In my imagination, I found myself trying to explain to Mary why I wasn't really rich. Somehow I'd have to help her understand the costs of daycare (although she has two children), the paradoxical costs borne by a two-income home (her husband works in a city five hours away), the price of college (in Kenya, school fees begin in first grade), the price of housing (outside the slums, Nairobi real estate is not much less expensive than that of many American cities). Somehow I'd have to explain that an American passport and fluent English aren't all they're cracked up to be.

Then again, I could just admit what God and the whole world already know is true. We are—I am—wealthy. Simply rich. Why is that so hard for us to say? Such an admission would, of course, make us responsible for the stewardship of our riches. It would put an end to both complaining and complacency. And since the Christian life starts where self-pity and self-justification end, to admit we are rich might also lead us closer to the life that is really life.

Related Elsewhere

See our Money & Business area for Christianity Today coverage of ethical investing, stewardship, and financial ethics.

In 2000, CT looked at how evangelicals got so wealthy and what it has done to them.

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Crouch is editor-in-chief of re:generation quarterly.

Many of Crouch's other writings are available at his and his wife's website.

Earlier Andy Crouch columns for Christianity Today include:

Blinded by Pop Praise | To see God "high and lifted up," just open your eyes. (Dec. 17, 2002)
The Future Is P.O.D. | Multicultural voices have an edge in reaching a rapidly changing America. (October 12, 2002)
Rekindling Old Fires | We can resist technology's chilling effects on how we spend time together. (August 2, 2002)
Interstate Nation | The national highway system is a lesson in how to transform a nation. (June 21, 2002)
Amplified Versions | Worship wars come down to music and a power plug. (April 17, 2002)
Thou Shalt Be Cool | This enduring American slang leaves plenty out in the cold. (March 18, 2002)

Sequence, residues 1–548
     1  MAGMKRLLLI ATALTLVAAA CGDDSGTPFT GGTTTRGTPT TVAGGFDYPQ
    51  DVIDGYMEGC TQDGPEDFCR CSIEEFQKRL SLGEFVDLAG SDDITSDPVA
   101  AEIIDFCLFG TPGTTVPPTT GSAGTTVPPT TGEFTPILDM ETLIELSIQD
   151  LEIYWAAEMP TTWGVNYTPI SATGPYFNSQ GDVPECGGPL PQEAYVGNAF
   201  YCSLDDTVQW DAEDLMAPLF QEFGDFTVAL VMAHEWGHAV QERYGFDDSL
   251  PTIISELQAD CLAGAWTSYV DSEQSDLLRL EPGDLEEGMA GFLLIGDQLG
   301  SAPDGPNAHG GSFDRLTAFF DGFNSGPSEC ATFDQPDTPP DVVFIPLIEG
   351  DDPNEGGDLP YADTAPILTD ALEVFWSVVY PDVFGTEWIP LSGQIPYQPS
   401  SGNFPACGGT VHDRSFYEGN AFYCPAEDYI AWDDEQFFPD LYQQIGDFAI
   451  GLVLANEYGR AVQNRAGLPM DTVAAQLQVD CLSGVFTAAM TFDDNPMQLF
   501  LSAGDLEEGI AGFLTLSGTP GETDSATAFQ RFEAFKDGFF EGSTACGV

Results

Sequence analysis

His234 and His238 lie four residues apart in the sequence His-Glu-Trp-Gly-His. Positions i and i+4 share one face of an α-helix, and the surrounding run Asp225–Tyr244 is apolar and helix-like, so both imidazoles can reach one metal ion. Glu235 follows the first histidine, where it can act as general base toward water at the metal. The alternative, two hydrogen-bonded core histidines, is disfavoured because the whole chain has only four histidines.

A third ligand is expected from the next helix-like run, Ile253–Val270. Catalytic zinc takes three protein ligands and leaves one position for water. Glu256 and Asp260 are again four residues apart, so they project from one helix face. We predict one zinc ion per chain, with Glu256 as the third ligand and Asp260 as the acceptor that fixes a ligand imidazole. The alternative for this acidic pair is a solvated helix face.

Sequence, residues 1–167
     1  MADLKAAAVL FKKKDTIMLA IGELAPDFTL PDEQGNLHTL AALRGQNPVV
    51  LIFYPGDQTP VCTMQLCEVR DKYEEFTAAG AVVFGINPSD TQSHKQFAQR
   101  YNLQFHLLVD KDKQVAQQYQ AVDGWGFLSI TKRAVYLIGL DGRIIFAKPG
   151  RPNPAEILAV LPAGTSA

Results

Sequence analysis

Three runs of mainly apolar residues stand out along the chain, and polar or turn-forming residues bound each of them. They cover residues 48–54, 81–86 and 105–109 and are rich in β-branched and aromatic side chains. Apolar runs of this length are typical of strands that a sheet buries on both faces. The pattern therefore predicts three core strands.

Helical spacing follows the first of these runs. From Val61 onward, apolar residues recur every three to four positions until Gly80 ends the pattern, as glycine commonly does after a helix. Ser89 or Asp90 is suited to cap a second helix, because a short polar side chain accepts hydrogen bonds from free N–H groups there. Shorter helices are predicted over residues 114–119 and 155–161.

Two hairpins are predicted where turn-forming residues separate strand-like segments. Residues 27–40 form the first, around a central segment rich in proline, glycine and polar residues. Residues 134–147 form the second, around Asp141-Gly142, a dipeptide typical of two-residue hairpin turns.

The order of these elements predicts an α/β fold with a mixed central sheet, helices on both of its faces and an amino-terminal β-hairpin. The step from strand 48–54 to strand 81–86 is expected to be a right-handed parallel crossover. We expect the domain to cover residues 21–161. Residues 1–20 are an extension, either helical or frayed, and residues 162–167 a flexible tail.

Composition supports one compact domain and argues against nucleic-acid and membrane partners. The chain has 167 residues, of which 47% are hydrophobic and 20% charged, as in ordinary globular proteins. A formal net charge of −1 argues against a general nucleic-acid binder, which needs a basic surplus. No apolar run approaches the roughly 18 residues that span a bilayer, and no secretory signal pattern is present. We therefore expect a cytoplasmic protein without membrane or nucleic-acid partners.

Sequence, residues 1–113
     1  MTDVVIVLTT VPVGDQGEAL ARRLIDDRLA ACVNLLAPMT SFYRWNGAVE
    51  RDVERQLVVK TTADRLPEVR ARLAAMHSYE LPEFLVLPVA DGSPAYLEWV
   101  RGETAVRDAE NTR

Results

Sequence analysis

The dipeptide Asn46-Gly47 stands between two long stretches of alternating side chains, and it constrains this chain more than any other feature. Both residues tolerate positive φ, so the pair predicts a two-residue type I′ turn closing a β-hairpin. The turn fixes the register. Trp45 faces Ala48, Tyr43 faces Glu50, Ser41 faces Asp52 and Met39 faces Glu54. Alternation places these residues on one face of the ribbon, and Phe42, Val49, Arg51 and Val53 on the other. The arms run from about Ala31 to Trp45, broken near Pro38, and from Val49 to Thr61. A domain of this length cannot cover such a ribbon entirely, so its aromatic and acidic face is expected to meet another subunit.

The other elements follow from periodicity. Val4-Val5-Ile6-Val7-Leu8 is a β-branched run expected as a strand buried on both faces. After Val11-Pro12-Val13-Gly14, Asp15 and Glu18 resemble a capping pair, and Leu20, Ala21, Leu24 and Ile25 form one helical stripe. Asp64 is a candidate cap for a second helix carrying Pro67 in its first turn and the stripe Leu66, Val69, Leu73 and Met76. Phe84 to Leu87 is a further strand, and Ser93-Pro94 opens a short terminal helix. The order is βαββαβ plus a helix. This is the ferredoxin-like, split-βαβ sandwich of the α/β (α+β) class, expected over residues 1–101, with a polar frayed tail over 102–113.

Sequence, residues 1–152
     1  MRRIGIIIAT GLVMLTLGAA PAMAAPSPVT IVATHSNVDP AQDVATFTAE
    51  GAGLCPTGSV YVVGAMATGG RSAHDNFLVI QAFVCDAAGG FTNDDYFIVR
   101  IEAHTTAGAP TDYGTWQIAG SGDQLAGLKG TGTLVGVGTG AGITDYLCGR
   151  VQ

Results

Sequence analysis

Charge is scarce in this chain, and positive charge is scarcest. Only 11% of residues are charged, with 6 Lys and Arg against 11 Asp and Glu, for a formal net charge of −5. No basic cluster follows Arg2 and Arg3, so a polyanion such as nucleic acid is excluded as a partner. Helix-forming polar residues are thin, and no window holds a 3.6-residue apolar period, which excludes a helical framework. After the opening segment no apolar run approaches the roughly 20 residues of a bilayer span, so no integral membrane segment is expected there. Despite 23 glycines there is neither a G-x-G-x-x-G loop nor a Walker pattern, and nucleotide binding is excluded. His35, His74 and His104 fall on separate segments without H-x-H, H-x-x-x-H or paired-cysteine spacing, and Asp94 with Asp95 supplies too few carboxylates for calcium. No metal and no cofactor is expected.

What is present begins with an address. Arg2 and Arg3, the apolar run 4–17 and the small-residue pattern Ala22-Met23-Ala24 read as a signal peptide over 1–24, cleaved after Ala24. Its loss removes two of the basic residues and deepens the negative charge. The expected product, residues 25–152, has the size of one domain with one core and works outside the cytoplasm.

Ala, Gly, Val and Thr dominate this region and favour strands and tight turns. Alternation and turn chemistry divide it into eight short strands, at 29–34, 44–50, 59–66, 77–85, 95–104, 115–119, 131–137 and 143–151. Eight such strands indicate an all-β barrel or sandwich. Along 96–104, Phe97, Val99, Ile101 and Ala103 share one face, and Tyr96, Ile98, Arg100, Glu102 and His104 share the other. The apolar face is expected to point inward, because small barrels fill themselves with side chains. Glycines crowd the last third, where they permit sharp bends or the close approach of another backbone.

Borrowing Against Time | We live in a fallen world. We will die. We need to face that. (Jan. 17, 2002)
Grounded | Our technologies give us an illusion of omnipresence—most of the time. (Nov. 15, 2001)
Zarathustra Shrugged | What apologetics should look like in a skeptical age. (Sept. 5, 2001)
Consuming Passions | One man's "testimony" from the First Great Mammon Awakening. (July 10, 2001)
Generation Misinformation | Forget the latest PowerPoint seminars on Generations X-Z. (May 16, 01)
Dead Authors Society | We're no longer interested in tasting death but only little morsels of cheer. (Mar. 28, 2001)
Promises, Promises | Our technology works. But all idols do at first. (Feb. 21, 2001)
A Testimony in Reverse | I have discovered how inconvenient it can be when God actually does speak. (Feb. 5, 2001)
Crunching the Numbers | A modest proposal for measuring what really matters in church life. (Dec. 20, 2000)

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Always in Parables
Andy Crouch
Andy Crouch is an editor at large for Christianity Today. Before working for CT, Crouch was chief of re:generation quarterly, a magazine which won the Utne Reader's Alternative Press Award for spiritual coverage in 1999. He was formerly a campus minister with InterVarsity Christian Fellowship at Harvard University. Crouch and his wife, Catherine, a postdoctoral fellow at Harvard, have two children. His column, "Always in Parables," ran from 2001 to 2006.